Venus — the Most Unusual Planet in the Solar System

by Carson

Venus is the second planet from the Sun and is very strange. Therefore, what are the unique features of the planet that makes it stand out from the others? Let’s find out!

Basic Information

Firstly, we need to mention its basic properties before anything else. It is 12,104 kilometers wide, just a bit smaller than Earth. Its mass is about 81.4% that of Earth, with its gravitational acceleration being about 0.904g. (NASA Solar System Exploration, n.d.).

Moreover, it is 0.723 astronomical units from the Sun and orbits it once every 225 days. Surprisingly, the “year” on Venus is shorter than its “day”, in which the planet completes a rotation once every 243 days.

Venus’s orbital and rotational periods
Image Credit: Canva

Venus’s Atmosphere

As you know, it is a rocky planet, and we can land on it. However, it’s not that easy. According to and NASA, Venus’s atmosphere is more than 90 times thicker than Earth’s. If we were standing at the surface, it would be equivalent to being from 1,000 meters to a mile underwater!

What’s more, the atmosphere is what makes the planet hellish. Firstly, it consists of more than 96% of carbon dioxide, meaning that it has a strong greenhouse effect. That raises the planet’s temperature to 471 Celsius, hotter than the planet closest to the Sun, Mercury.

Other than the pressure and hot temperature, the planet also has sulfuric acid clouds (H2SO4). That means acidic rains are present, and you’ll be unfortunate if that hits you.

Furthermore, the planet has extreme winds. According to, the wind speeds reach 360 kilometers per hour. It is even faster than some of the strongest hurricanes in the world! Additionally, thick clouds block spacecraft’s view while orbiting the planet, so we need to use other wavelengths to detect the Venusian terrain.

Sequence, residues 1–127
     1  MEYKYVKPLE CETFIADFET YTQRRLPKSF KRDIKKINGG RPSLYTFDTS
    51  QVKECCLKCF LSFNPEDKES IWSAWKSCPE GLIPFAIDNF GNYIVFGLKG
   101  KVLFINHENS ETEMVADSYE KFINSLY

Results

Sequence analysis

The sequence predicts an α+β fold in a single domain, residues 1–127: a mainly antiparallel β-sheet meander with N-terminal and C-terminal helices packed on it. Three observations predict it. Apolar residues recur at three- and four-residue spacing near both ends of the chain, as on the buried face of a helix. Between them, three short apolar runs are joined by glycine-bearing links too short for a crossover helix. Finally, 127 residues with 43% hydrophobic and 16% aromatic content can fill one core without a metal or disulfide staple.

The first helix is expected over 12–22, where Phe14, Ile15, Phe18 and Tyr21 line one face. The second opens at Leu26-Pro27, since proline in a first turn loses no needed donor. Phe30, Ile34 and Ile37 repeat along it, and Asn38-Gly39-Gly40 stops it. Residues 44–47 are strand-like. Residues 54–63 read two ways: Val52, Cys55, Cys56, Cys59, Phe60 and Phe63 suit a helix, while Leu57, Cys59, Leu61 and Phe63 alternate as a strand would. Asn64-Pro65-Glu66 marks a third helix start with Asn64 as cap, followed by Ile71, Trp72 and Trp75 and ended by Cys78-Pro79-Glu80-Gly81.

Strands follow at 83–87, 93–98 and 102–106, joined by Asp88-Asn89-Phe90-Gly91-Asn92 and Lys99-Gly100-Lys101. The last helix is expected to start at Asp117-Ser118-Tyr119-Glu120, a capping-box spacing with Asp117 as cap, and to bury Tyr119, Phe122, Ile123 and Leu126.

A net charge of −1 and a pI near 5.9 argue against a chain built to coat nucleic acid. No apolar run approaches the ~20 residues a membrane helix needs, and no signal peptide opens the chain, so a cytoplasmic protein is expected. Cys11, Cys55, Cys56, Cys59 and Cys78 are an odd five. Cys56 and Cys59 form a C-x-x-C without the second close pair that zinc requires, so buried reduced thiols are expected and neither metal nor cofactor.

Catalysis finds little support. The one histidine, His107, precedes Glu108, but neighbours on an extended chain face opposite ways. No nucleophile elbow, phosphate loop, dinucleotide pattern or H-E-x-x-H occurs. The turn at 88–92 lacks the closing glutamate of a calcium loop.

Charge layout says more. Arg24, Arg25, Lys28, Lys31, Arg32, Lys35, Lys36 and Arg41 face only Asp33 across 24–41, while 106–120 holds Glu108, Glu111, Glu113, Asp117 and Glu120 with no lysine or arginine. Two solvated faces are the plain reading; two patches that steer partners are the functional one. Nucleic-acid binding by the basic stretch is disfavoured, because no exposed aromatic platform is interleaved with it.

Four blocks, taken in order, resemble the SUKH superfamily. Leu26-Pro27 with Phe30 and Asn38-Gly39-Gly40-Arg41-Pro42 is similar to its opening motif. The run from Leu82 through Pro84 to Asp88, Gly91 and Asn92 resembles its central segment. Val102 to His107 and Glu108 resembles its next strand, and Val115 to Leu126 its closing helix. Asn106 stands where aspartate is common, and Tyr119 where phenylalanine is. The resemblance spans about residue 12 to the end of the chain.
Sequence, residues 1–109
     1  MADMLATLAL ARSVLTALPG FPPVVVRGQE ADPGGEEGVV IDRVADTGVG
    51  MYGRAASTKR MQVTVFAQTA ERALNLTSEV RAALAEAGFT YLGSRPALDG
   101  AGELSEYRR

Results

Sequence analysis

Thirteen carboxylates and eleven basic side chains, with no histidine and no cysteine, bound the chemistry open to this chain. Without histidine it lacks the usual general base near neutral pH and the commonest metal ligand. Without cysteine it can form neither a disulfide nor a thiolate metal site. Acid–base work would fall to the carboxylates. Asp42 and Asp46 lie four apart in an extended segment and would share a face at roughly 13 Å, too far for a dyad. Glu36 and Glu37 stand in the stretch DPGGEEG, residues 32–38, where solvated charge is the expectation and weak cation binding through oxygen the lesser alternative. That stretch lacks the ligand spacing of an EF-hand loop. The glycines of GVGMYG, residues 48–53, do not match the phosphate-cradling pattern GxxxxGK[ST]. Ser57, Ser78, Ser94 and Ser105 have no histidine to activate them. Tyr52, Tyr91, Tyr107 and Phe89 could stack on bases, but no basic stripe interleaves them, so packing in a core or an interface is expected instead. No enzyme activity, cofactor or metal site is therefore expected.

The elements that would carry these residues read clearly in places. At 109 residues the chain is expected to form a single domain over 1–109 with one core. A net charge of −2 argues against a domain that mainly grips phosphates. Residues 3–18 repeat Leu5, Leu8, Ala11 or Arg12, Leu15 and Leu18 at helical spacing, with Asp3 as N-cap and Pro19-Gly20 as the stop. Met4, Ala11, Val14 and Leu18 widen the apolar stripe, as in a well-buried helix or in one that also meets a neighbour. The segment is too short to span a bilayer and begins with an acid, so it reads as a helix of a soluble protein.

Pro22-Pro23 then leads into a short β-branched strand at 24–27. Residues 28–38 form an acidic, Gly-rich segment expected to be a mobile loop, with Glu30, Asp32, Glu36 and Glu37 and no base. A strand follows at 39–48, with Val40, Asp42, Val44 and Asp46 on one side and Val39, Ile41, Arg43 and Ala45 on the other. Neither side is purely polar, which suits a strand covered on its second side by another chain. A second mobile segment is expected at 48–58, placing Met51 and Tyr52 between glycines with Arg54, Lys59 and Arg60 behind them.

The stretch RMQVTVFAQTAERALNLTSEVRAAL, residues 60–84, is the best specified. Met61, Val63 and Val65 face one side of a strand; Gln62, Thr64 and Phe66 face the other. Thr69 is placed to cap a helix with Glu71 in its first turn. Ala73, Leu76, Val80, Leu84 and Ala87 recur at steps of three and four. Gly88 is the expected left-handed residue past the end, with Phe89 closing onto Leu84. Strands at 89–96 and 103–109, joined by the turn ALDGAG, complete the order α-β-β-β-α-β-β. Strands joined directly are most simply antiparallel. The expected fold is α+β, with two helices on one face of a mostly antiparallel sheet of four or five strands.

Statistics about Venus’s atmosphere
Image Credit: Canva

Venus Rotates Backward

Now, let’s talk about some additional features that will make you think Venus is a special planet to inspect.

Firstly, the planet’s rotation has become peculiar again. In fact, the planet rotates clockwise, which is backward compared to other planets in the Solar System.

According to SciShow Space, there are a few hypotheses for the fact. One of them is that Venus slowed down and somehow rotated backward. Another one is that two similarly-sized objects crashed into each other but somehow merged to form one planet.

Venus Is Moonless

Mercury and Venus are the closest planets to the Sun, so their moons are likely to be kicked out, right? Well, this is not necessarily the case for the brightest planet in the night sky. Venus is Earth-sized and should have a moon or two. Moreover, if it has suffered an impact, why didn’t the fragments become its moon, just like Earth’s Moon?

We need to look at Earth’s Moon to solve that problem. Why is it getting further away from Earth? It’s because Earth’s rotation is faster than the Moon’s orbital period.

Take a look at Venus’s slow rotation. Any moons that once surrounded the planet will slam onto it because the satellite will get closer every year. Therefore, even if Venus may possess a moon billions of years ago, it’s long gone.

It Has Large Craters

Last but not least, only larger craters are present on Venus. In fact, all asteroids that hit the planet is larger than 1.5 kilometers across. Does it mean that the planet is “immune” to tiny space rocks? Well, it’s partially correct.

What prevents small objects from leaving a trace on Venus is its thick atmosphere. Remember that it is 92 times thicker than Earth’s! That way, the atmosphere can burn up asteroids that are hundreds of meters wide.


In this article, we’ve discussed the fundamental information about Venus and its additional, unique features. However, only 700 words are not enough to describe the entire planet. Therefore, check out the resources that we used in this writing.

References and Credits

  1. (2019, December 19). In Depth | Venus – NASA Solar System Exploration. Retrieved January 20, 2021, from
  2. (n.d.). By the Numbers | Venus – NASA Solar System Exploration. Retrieved January 20, 2021, from
  3. Charles Q. Choi. (2020, January 16). Venus: The hot, hellish & volcanic planet | Space. Retrieved January 20, 2021, from
  4. (2020, November 25). Venus Fact Sheet – the NSSDCANASA. Retrieved January 20, 2021, from
  5. (2018, October 18). Venus’ Atmosphere: Composition, Climate and Weather | Space. Retrieved January 20, 2021, from
  6. SciShow Space. (2018, July 17). Why Does Venus Spin Backwards? – YouTube. Retrieved January 20, 2021, from
  7. (2017, January 20). This is Why Mercury and Venus are Moonless | by Sandhya Ramesh | TeamIndus Blog – Medium. Retrieved January 20, 2021, from

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